ABSTRACT: Five case reports that illustrate the possible contribution of psychological factors in the etiopathogenesis of reflex sympathetic dystrophy (RSD) are presented. All five patients at the time of physical trauma were confronted with a significant loss that either accidentally coincided with the trauma, or was related to the experience of the trauma itself. The patients' reaction to the loss was invariably characterized by helplessness. A biopsychosocial hypothesis which considers the possible role of psychophysiological and behavioral aspects of helplessness in the precipitation, maintenance, and/or enhancement of RSD is outlined.

MINOR MESH HEADINGS: Adaptation,-Psychological; Adult-; Personality-Assessment; Personality-Development; Postoperative-Complications-psychology; Psychophysiologic-Disorders-psychology; Reoperation-; Sick-Role; Somatoform-Disorders-psychology; Wounds-and-Injuries-psychology; Wounds-and-Injuries-surgery

MAJOR MeSH HEADINGS: *Helplessness,-Learned; *Reflex-Sympathetic-Dystrophy-psychology

CHECKTAGS: Case-Report; Female; Human; Male

PUBLICATION TYPE: JOURNAL-ARTICLE

MEDLINE ACCESSION NUMBER: 1994140106

UPDATE CODE: 199405

Record 15 of 15 in MEDLINE EXPRESS (R) 1993-1995

TITLE: Reflex sympathetic dystrophy after modified radical mastectomy: a case report [see comments]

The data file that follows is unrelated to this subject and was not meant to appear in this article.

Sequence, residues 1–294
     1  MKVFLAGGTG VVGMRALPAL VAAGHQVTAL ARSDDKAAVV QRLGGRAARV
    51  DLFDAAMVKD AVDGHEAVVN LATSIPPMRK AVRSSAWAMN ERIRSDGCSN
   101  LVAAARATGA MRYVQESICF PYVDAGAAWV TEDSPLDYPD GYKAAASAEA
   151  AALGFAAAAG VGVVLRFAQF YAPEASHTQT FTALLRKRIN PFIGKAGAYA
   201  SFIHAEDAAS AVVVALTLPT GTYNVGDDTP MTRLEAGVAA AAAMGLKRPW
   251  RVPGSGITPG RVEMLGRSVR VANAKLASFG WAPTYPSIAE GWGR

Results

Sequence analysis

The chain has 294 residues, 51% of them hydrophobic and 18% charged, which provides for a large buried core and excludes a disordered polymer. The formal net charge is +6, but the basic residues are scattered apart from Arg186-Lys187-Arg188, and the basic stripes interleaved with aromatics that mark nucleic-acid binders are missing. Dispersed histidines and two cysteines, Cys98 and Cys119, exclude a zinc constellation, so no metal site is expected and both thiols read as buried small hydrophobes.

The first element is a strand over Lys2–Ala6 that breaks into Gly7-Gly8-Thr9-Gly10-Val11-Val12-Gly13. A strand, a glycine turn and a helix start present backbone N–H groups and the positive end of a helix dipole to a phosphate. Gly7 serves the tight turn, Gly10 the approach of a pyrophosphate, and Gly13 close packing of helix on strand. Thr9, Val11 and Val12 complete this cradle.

COMMENTS: Comment in: Surgery 1994 Mar;115(3):409-10

AUTHOR(S): Saddison-DK; Vanek-VW

ADDRESS OF AUTHOR: Department of Surgery, Northeastern Ohio Universities College of Medicine, Youngstown.

SOURCE (BIBLIOGRAPHIC CITATION): Surgery. 1993 Jul; 114(1): 116-20

INTERNATIONAL STANDARD SERIAL NUMBER: 0039-6060

PUBLICATION YEAR: 1993

LANGUAGE OF ARTICLE: ENGLISH

COUNTRY OF PUBLICATION: UNITED-STATES

ABSTRACT: Despite the long history of descriptions of reflex sympathetic dystrophy (RSD), much confusion remains regarding its pathogenesis, diagnosis, and treatment. It most commonly occurs after trauma and is more frequent in women, white persons, and the elderly. The first case of RSD after mastectomy is reported and the proposed pathophysiology and management of RSD are reviewed.

MINOR MESH HEADINGS: Arm-physiopathology; Electromyography-; Middle-Age; Movement-; Pain-; Reflex-Sympathetic-Dystrophy-physiopathology; Reflex-Sympathetic-Dystrophy-therapy

MAJOR MeSH HEADINGS: *Mastectomy,-Radical; *Postoperative-Complications; *Reflex-Sympathetic-Dystrophy-etiology

CHECKTAGS: Case-Report; Female; Human

PUBLICATION TYPE: JOURNAL-ARTICLE

MEDLINE ACCESSION NUMBER: 1993362062

UPDATE CODE: 199311

SUBSET: AIM